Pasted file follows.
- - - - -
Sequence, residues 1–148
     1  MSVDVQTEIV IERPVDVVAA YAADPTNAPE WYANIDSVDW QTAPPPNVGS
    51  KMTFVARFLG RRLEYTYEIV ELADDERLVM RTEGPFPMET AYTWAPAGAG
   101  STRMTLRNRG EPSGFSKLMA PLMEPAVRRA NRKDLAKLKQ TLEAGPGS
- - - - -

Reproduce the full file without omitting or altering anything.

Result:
Sequence, residues 1–148
     1  MSVDVQTEIV IERPVDVVAA YAADPTNAPE WYANIDSVDW QTAPPPNVGS
    51  KMTFVARFLG RRLEYTYEIV ELADDERLVM RTEGPFPMET AYTWAPAGAG
   101  STRMTLRNRG EPSGFSKLMA PLMEPAVRRA NRKDLAKLKQ TLEAGPGS